private LocatorService locatorServiceMock;

	private Locator locatorUnderTest;

	public void setUp() {

		locatorUnderTest = new Locator(locatorServiceMock);

	public void testLocateWithServiceResult() {
		assertEquals(TEST_POINT, locatorUnderTest.locate(1, 1));

	public void testLocateLocalResult() {
		Point expected = new Point(1, 1);
		assertTrue(arePointsEqual(expected, locatorUnderTest.locate(-1, -1)));

	private boolean arePointsEqual(Point p1, Point p2) {
		return p1.getX() == p2.getX()
			&& p1.getY() == p2.getY();

When locatorServiceMock is called with any then TEST_POINT is returned. No matter that Point has no equals() method defined, assertEquals() in testLocateWithServiceResult() passes because code refers one and the same object. Helper method arePointsEqual() is needed in testLocateLocalResult() though. Code coverage report in IntelliJ IDEA is:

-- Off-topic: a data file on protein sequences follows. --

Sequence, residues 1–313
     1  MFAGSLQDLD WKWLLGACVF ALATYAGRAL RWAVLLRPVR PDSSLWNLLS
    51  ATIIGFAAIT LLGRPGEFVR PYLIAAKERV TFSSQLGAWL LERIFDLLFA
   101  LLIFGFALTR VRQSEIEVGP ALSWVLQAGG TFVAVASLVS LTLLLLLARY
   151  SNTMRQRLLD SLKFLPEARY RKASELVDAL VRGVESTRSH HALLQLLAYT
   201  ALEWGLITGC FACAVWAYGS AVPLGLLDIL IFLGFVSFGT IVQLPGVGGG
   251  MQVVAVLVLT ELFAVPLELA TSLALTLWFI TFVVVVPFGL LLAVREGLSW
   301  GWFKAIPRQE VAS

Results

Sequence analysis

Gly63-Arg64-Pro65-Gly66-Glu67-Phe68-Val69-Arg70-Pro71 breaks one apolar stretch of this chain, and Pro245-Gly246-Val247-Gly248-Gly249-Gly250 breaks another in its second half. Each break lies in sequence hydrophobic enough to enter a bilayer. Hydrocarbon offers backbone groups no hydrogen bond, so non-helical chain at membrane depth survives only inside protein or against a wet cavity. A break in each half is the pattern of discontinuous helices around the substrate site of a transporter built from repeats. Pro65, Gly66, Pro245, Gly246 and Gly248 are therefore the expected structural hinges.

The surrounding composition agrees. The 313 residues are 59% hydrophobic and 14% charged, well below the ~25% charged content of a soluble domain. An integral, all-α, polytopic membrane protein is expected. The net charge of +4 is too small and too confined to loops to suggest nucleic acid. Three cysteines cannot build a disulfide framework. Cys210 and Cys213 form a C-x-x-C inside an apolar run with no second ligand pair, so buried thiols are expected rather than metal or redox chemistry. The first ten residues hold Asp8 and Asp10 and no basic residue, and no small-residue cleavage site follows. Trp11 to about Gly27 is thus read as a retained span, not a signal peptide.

Next step is to improve test coverage by adding more unit tests. Copy/paste is not an option, so in post Data driven testing with JUnit parameterized tests I have described how to make data-driven tests in JUnit.


Mocking is mandatory when developing unit tests. Mockito is a convenient mocking library for Java. It is possible to control what mock returns if called with whatever value or if called with a specific value. Mockito allows verification on which of mock’s methods has been called and how many times.